• The diet is sort of foolproof. It really is a super easy diet plan, and I like that it’s not the sort of fixed diet program I’ve seen come with other workout programs. There is a recipe section in the instruction manual, but I didn’t use it, I just adjusted our normal meals to fit into the program.

The Bad:

  • There’s an infomercial for Beachbody Shakeology and vitamins at the beginning and end of each workout. It is a minor annoyance, but not a huge deal.
  • I wrote this before: There’s no “Rest Day” in the workouts. The Pilates DVD and the Yoga DVD are considered active recovery days, but I would have appreciated one day a week off from the program.
  • Some of the workouts are a little bit on the easy side for someone who works out regularly. While I totally appreciate an easy Yoga DVD (because I hate yoga and have zero flexibility), the upper body workout was kind of a yawner for me. I don’t have 30lb dumbbells at home to make some of the moves as challenging as I’d like, but I suppose I could always invest in heavier weights.
  • My dog keeps trying to hump me during the warm-up. I must look super-duper sexy doing my jumping jacks. This is not the fault of Autumn Calabrese or Beachbody, I just find it annoying.

I was planning on doing a second round of the 21-Day Fix right away, but I’m going out of town this next week to write away from all of the hullabaloo of NYC and don’t want to have to drag my dumbbells with me, so instead I’m going to do Beachbody’s new workout program CIZE, which is a danced based program—no equipment necessary. The diet is the same; I’ll keep doing the 21DF diet, just with a different exercise component.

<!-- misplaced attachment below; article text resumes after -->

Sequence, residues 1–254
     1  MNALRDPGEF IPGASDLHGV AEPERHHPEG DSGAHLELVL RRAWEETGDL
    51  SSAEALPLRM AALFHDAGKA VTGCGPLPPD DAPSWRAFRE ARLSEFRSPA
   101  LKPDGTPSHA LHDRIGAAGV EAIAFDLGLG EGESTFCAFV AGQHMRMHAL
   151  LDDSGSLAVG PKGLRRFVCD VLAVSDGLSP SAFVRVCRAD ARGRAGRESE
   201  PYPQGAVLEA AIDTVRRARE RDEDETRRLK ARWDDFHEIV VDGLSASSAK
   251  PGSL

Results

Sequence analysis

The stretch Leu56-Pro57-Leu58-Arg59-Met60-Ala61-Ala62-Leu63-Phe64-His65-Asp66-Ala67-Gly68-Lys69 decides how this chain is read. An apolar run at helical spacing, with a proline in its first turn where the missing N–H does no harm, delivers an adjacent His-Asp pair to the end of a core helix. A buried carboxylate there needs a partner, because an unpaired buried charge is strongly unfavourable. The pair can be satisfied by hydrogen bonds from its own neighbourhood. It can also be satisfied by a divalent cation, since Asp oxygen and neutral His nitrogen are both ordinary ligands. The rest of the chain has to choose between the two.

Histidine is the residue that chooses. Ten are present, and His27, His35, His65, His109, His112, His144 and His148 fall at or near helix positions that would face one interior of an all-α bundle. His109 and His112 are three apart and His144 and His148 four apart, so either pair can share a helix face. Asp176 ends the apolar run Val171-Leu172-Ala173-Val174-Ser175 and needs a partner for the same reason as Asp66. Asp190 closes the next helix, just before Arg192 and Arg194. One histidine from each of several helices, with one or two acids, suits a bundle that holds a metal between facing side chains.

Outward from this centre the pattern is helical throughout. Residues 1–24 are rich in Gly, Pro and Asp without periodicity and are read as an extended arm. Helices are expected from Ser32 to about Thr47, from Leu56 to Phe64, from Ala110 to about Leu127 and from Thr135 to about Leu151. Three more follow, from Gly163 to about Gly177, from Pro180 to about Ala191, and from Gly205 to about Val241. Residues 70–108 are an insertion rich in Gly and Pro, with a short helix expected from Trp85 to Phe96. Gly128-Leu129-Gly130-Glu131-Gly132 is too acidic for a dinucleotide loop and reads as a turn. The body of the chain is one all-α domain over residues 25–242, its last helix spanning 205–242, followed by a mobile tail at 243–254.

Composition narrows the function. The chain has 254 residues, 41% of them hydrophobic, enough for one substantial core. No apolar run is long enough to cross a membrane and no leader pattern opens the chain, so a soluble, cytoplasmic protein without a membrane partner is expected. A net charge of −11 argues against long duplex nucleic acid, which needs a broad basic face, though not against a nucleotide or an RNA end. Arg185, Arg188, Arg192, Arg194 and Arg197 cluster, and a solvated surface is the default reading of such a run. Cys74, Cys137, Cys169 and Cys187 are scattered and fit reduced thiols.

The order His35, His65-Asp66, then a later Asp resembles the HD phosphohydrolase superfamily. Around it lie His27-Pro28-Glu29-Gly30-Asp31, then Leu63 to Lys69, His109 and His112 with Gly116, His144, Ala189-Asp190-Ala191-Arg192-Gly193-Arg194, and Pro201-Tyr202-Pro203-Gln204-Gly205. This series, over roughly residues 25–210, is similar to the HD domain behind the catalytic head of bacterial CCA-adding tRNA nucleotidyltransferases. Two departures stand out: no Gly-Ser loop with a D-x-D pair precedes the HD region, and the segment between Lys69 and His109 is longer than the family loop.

I signed up as a Beachbody Coach, mainly for the discounts—I’m stockpiling the exercise programs I want to try. If you’re interested and I can send you the promotional prices on the coach site, you can email me at I’ll be in a digital detox for most of next week as I work on my book, but I will be checking email occasionally, so don’t worry if it takes me a few days to get back to you. In the meantime, you can find out more about the program here and here